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KING Richard the Second.
Uncles.to Bolingbroke, Son to John of Gaunt, afterwards King
Henry the Fourth.
Friends to King Richard.
Abbot of Westminster, Lords in the Parliament.
Queen to King Richard.
Heralds, two Gardiners, Keéper, Messenger, Groom, and
SCEN E, dispersedly, in several Parts of
(1) The LIFE and DEATH of KING RICHARD II.
A C Τ Ι.. SCENE, the COURT. Enter King Richard, John of Gaunt, with other No
bles and. Attendants..
King RICHAR D..
Brought hither Henry Hereford thy bold son,
(1) The life and death of King Richard 11.] But this history comprizes little more than the two last years of this unfortunate Prince.. The action of the drama begins with Bolingbroke's appealing the Duke of Norfolk, on an accusation of high treason, which fell out in the year 1398 ; aod it closes with the murder of King Richard at PomfreEastle, towards the end of the year 1400, or the beginning of the ensuing year. Mr. Gildon acknowledges, that Shakespeare has drawn: K. Ricbard's character according to the best accounts of history; that is,. insolent, proud, and thoughtless in prosperity; dejected, and de. fponding on the appearance of danger. -But whatever blemishes he had either in temper or conduct, the difresses of his latter days, the double divorce from his throne and Queen, are painted in such frong colours, that those blemishes are loft in the shade of his misfortunes; and our. apassion for him wipes out the memory of such fgots, quas bumana parum cavit natura.
Which then our leisure would not let us hear,
Gaunt. I have, my Liege.
Gaunt. As near as I could lift him on that argument, On some apparent danger seen in himAim'd at your Highness; no invetrate malice.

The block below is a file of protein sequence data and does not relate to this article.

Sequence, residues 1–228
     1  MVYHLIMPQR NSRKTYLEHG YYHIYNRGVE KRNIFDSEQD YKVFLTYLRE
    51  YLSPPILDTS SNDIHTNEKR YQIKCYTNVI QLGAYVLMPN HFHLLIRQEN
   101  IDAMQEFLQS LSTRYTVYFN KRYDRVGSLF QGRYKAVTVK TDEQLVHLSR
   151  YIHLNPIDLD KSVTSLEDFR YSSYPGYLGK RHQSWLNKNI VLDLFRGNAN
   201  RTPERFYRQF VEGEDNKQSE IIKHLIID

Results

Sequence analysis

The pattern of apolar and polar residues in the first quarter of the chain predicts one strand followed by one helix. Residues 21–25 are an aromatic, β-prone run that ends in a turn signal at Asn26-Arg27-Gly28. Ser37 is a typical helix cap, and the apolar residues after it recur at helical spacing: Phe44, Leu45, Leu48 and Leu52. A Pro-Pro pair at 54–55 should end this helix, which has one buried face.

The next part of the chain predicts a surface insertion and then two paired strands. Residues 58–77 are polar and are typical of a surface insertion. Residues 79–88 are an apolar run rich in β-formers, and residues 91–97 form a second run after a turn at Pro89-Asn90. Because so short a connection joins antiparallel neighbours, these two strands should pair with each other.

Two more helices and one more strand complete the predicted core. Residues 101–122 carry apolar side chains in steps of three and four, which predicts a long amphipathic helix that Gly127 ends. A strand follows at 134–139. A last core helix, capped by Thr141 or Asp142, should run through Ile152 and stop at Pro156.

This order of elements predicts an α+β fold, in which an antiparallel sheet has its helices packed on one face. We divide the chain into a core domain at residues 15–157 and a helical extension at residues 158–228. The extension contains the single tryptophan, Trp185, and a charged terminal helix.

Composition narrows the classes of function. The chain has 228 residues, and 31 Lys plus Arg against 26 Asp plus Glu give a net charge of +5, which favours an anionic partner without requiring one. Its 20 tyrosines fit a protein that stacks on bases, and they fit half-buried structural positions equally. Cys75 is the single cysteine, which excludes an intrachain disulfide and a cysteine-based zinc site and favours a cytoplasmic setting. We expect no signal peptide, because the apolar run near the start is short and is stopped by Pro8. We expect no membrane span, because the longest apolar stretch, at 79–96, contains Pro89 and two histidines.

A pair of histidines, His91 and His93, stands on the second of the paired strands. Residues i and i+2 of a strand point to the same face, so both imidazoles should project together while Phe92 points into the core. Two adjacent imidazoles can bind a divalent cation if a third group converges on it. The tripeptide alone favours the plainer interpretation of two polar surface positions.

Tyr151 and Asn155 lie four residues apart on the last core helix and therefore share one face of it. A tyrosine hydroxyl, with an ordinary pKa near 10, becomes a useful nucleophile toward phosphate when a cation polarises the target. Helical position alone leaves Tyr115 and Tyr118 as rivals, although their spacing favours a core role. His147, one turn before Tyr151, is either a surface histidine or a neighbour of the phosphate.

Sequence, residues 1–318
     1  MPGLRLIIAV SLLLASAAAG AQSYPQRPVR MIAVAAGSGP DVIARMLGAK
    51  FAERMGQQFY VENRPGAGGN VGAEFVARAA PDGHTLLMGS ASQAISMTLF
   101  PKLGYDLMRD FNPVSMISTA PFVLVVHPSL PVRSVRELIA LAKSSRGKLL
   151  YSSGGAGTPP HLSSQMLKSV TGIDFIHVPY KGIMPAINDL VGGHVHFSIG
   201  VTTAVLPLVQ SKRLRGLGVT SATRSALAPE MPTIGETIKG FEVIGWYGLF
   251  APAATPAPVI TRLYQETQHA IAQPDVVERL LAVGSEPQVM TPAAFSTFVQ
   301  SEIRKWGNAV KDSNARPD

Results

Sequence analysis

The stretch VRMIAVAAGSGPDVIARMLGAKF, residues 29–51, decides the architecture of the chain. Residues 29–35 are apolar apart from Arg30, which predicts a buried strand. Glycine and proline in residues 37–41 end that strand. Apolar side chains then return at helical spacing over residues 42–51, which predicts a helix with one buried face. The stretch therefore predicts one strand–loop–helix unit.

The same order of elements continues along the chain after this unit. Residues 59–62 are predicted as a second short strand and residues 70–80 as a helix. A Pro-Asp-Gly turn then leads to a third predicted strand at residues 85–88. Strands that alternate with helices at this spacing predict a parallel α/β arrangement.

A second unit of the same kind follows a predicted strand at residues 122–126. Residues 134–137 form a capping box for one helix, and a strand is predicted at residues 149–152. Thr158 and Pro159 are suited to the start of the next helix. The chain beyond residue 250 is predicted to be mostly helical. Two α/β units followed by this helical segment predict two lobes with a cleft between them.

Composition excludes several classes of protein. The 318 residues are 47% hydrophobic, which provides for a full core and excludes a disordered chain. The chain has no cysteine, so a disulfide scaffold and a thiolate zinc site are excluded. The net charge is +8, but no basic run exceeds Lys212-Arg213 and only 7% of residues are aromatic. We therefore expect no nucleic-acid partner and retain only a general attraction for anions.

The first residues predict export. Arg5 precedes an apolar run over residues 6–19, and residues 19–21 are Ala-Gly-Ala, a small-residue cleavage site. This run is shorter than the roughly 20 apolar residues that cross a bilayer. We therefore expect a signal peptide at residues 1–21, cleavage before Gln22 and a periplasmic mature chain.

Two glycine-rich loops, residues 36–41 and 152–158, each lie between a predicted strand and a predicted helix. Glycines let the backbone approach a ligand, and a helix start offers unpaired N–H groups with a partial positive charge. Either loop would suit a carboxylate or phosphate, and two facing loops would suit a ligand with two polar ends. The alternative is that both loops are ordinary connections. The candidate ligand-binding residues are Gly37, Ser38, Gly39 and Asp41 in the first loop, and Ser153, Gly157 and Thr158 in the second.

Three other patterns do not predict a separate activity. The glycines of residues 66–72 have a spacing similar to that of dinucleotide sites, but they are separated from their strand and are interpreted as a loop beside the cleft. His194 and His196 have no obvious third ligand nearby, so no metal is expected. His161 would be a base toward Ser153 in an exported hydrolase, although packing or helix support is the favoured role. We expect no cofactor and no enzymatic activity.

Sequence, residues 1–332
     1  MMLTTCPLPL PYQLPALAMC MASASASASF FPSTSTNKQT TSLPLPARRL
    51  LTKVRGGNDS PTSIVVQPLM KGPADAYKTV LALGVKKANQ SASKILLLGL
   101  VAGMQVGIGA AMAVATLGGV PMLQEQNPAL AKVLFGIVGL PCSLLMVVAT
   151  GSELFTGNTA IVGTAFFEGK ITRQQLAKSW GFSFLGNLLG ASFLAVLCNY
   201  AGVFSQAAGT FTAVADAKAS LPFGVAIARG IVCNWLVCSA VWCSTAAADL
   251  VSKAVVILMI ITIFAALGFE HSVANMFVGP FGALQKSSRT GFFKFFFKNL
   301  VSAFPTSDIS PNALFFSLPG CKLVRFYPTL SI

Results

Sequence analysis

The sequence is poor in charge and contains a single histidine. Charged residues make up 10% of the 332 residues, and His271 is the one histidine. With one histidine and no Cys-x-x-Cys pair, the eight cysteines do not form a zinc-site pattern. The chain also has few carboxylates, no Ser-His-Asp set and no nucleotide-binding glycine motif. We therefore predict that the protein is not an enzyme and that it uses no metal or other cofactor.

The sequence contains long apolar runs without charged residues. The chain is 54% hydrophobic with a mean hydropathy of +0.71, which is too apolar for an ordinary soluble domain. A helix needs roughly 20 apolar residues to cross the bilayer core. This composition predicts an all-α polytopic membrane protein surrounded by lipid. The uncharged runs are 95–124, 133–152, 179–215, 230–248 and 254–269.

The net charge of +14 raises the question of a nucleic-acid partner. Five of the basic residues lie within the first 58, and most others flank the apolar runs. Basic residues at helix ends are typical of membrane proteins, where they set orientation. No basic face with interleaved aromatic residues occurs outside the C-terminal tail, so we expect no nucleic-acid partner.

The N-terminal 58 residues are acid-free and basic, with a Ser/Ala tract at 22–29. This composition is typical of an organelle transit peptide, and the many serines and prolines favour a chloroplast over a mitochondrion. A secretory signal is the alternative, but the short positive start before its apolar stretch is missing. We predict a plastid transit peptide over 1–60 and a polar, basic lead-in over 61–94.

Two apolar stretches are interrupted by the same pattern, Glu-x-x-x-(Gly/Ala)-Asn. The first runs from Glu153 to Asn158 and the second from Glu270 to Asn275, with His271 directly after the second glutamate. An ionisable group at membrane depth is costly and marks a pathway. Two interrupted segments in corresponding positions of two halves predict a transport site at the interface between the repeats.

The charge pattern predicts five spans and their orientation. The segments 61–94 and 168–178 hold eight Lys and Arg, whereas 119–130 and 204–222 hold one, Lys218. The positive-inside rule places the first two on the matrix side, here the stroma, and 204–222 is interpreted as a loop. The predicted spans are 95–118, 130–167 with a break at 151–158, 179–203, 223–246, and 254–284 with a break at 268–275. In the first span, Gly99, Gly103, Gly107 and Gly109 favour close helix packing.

K. Rich. Then call them to our presence; face to face, And frowning brow to brow; ourselves will hear Th’accuser, and th' accused freely speak: High ftomach'd are they both; and full of ire; In rage, deaf as the sea; hafty as fire.
Enter Bolingbroke and Mowbray. Boling. May many years of happy days befal My gracious Sovereign, my most loving Liege !
Mowb. Each day still better other's happiness; Until the heavens, envying earth's good hap, Add an immortal title to your crown!
K. Rich. We thank you both, yet one but flatters us, As well appeareth by the cause you come; Namely, t'appeal each other of high treason. Coufin of Hereford, what doft thou object Against the Duke of Norfolk, Thomas Mowbray ?
Boling. First, (Heaven be the record to my speech!)
Thou art a traitor and a miscreant ;
Once more, the more to aggravate the note,
Mowb. Let not my cold words here accuse my zeal ;
Where (2) Or any orber ground inhabitable. ] I don't know that this word, (like the French term, inbabitable,) will admit the two different acceptations of a place to be dwelt in, and 7.01 to be dwelt in : (or that it may be taken in the latter sense, as inbabitabilis (among the larines) sogni.. fies uninbabitab'e ; tho' inbabitare signifies only to inbabie :) and there. fore I have ventur'd to read,
Or any orber ground unhabitable; So in the old Quarto, or first rough draught of our author's Taming of tbe Sbrew ;.
Unbabitable as the burning Zone. I confess, there is a passage in Ben Johnson's tragedy of Cariline, which should feem to favour the equivocal construction and use of this word;
And who, in such a cause, and 'gainst such fiends,